Little Women Remixed, But Not Reimagined
Little Women Remixed, But Not Reimagined
Bethany C. Morrow already had several books in different genres published when she was asked to consider another: a re-envisioning of the beloved classic Little Women. She agreed, on one condition — her book would not reimagine anything. "I know that as soon as I make the March sisters Black girls, I am not reimagining Little Women," she said, "I'm telling a completely different story."
Which the title indicates: So Many Beginnings: A Little Women Remix. Morrow, who is African American, wasn't interested in tweaking Louisa May Alcott's iconic novel about four sisters in mid-1800s New England. She wanted to upend it entirely. And she did.
Whereas in Alcott's original tale, the Civil War was a background part of the plot, in So Many Beginnings, the war and its aftermath are central to the March family's lives. The March girls and their mother (Marmee in the original, Mammy in Morrow's version) are not merely sepia-toned versions of Alcott's characters; they are their own people, with concerns that sometimes overlap with the Alcott characters, and sometimes go in very different directions.
I began by asking Morrow, a sociologist by training, whether she'd been a long-time Little Women devotee, and her answer surprised me. Our conversation has been edited for clarity and length.
Were you one of those people who read Little Women over and over when you were young, and was that part of the reason you agreed to write your new book?
I want to start by saying I have no recollection of reading the original.
Seriously? And you didn't read it before you started writing?
I had no intention of reading it. As I told the editor, it would not matter. I am writing a story about four Black girls in 1863. It does not matter what a group of white girls was doing; that has no bearing on it. I will say that I, like a lot of people my age, was very in love with the 1994 film adaptation, so if there's any similarity, I would expect it to be closer to a couple of elements from that film. Basically, Little Women is considered historical fiction, but as a Black woman, I have been excluded from that narrative. It seems like the kind of property that no matter how many times it's revisited, it's the same. It's for white girls.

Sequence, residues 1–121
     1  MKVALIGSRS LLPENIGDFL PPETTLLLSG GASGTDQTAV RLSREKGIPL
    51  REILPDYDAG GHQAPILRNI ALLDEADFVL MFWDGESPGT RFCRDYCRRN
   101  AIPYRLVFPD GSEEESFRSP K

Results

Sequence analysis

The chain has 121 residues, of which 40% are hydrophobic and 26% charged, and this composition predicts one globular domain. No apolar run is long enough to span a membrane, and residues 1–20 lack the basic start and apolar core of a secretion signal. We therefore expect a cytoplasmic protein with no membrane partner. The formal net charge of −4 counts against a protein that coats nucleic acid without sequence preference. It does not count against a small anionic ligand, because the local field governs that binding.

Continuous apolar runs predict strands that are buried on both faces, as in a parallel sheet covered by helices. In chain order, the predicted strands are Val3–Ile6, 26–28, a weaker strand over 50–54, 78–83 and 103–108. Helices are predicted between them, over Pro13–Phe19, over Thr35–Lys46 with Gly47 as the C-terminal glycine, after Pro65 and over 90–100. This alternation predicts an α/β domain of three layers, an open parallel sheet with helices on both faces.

Still, some of the things in this new book, you kept the same. There are four sisters. Their mother is their moral compass, their dad is away at war. And there's a really cute family friend, a boy named Lorie, who figures into the story. Meg is a teacher, Jo a writer, Beth a seamstress and Amy, the youngest, isn't anything yet—but she wants to be a dancer. Where do these Marches live?
I set my Little Women in the Roanoke Islands Freed Peoples' Colony in 1863, so immediately you were in a completely different part of the country.
So the March family was part of a community created post-emancipation, on the North Carolina shore. Was Roanoke Island the only such community?
There were several scattered throughout the country. One of the biggest, which is mentioned in the book, was Corinth, in Mississippi. It was a bit further ahead of Roanoke in terms of age and progress. And it was the equivalent of Black Wall Street: It was profitable. It did exactly what the Union claimed they hoped these colonies would do.
And yet Corinth failed as a Freed Peoples' Colony. Why?
There was no explanation for its demise, except that the Union Army decided to "evacuate" it, which is how you come to realize that you are not considered free. You are not considered a person. This is not considered your home. You were not considered to have a right to a home because the Union can just evacuate it. It can just pull the plug on your very existence. And that's what happened with Corinth — it was inexplicably evacuated when the Union encampment moved on.